Once you've worked out how much you need, what you need it for, and how much you can actually borrow, you can seek a line of credit loan. To do this, you may need to prepare some of the following documents:

  • A copy of the contract of sale for the property, as well as a letter from a conveyancer 
  • A document outlining your financial plan if you're buying shares or investing 
  • A building contract or quotes from a builder for renovations 
  • Quotes and information on anything else the loan is being used for, like a wedding or holiday
  • The usual home loan documentation, such as your name and address, employment income, photo ID, the market value of your home, etc. 

While fewer lenders are offering line of credit loans, they are still available on the market. Applying for one can be done in much the same way as a regular home loan, and if this is too much trouble, a qualified mortgage broker can do it for you. 

Savings.com.au's two cents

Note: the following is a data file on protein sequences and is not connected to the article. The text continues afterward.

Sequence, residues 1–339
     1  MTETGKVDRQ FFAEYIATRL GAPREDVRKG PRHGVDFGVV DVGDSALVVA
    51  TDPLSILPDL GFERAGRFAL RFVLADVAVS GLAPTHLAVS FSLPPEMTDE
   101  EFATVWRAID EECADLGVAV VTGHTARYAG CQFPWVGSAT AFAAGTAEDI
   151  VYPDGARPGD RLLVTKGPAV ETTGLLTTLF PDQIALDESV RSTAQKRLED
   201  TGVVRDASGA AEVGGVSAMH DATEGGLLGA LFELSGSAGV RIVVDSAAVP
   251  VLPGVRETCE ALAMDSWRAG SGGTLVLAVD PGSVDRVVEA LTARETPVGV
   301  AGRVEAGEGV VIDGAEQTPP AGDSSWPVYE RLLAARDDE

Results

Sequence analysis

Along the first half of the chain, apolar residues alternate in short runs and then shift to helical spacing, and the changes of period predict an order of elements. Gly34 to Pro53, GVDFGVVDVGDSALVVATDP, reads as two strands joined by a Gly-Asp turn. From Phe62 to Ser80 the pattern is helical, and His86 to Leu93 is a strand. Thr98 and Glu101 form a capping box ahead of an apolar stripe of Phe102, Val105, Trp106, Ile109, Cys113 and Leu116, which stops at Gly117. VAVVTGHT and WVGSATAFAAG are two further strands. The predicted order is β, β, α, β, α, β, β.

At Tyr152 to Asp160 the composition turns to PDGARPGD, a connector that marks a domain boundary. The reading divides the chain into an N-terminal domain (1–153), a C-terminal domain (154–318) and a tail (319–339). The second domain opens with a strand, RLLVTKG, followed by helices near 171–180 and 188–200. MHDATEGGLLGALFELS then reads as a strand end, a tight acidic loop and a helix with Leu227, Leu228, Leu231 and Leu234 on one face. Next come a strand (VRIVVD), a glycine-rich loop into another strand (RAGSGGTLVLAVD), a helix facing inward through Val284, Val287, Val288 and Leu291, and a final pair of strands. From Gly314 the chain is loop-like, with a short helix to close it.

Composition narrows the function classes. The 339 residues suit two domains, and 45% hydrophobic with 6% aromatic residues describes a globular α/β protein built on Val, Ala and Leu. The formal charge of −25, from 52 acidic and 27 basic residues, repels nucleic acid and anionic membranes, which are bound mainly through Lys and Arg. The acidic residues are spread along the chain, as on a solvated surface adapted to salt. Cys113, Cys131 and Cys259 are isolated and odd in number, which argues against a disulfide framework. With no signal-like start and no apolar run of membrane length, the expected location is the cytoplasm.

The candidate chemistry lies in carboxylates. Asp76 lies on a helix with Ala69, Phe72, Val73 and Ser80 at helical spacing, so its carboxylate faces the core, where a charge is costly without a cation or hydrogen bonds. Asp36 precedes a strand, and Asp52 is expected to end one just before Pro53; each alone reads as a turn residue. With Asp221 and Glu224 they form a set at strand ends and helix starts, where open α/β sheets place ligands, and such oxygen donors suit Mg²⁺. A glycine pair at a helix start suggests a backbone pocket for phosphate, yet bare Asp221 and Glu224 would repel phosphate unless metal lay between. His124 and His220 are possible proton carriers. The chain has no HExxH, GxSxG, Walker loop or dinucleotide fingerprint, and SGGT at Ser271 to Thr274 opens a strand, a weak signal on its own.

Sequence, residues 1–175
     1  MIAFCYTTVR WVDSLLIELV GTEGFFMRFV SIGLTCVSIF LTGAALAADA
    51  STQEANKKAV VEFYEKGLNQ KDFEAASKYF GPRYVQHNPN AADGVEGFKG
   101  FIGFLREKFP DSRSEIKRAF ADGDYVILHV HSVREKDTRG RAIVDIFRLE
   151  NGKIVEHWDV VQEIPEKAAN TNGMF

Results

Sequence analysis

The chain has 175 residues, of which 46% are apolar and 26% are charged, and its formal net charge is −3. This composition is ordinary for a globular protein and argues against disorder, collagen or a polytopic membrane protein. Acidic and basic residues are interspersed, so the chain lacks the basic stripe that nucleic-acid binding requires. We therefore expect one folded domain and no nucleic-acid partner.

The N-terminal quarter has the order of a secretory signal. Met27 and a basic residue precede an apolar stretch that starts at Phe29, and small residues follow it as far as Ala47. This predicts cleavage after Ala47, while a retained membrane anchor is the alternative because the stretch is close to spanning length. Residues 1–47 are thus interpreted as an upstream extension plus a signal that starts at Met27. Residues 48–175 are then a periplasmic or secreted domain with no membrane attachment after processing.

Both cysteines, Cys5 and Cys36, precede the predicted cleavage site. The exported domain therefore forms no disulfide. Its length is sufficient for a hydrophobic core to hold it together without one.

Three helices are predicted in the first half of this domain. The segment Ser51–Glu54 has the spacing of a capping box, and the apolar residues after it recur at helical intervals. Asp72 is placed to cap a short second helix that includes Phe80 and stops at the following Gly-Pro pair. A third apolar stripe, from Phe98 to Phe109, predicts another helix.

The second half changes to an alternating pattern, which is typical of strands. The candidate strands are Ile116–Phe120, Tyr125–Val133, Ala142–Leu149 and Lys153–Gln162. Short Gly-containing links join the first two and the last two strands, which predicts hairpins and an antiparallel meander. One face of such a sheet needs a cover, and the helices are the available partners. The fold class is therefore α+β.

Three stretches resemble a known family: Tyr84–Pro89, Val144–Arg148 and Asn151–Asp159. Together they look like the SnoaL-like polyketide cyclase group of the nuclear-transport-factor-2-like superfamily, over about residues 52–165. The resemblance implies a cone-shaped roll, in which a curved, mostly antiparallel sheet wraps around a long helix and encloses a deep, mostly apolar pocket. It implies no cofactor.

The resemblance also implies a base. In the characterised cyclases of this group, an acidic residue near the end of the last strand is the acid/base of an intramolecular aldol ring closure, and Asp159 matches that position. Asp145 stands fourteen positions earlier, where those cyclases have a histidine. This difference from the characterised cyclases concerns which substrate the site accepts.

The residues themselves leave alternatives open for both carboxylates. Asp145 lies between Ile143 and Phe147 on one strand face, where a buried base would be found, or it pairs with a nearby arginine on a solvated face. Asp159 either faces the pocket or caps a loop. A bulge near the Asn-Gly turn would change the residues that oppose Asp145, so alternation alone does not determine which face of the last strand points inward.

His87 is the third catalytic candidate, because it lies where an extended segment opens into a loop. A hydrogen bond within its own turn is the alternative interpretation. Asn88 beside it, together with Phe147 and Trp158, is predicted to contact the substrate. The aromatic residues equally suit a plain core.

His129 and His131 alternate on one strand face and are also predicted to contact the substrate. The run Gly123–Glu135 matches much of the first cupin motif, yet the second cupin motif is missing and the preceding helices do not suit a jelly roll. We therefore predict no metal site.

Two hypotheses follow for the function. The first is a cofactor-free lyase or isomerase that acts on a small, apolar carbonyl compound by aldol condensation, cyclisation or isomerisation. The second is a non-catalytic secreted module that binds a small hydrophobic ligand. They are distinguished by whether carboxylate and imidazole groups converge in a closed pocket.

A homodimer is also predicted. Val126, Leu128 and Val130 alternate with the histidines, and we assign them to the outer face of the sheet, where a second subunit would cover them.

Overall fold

Line of credit loans can be a flexible option for people who want to access the equity built up in their homes, as they can provide large sums of cash that can be drawn upon when needed. But they aren't without their flaws and shouldn't be used by people who lack control over their spending. If you access your equity too recklessly and don't make regular payments to bring down your principal, you could find yourself in financial strife.

In worst-case scenarios, people have lost considerable equity in their homes or even had their properties repossessed when they have accessed more funds than they have been able to make repayments on. So, make sure you really think about what you need a line of credit loan for, and stay committed to making regular repayments that reduce the loan amount. 

As with any home loan product, lines of credit shouldn't be taken out without careful consideration. Research is key, so be sure to shop around and compare line of credit products from a range of institutions to give yourself a better chance of finding a suitable product.

This article was originally published by William Jolly in September 2019 and was updated by Denise Raward in February 2023.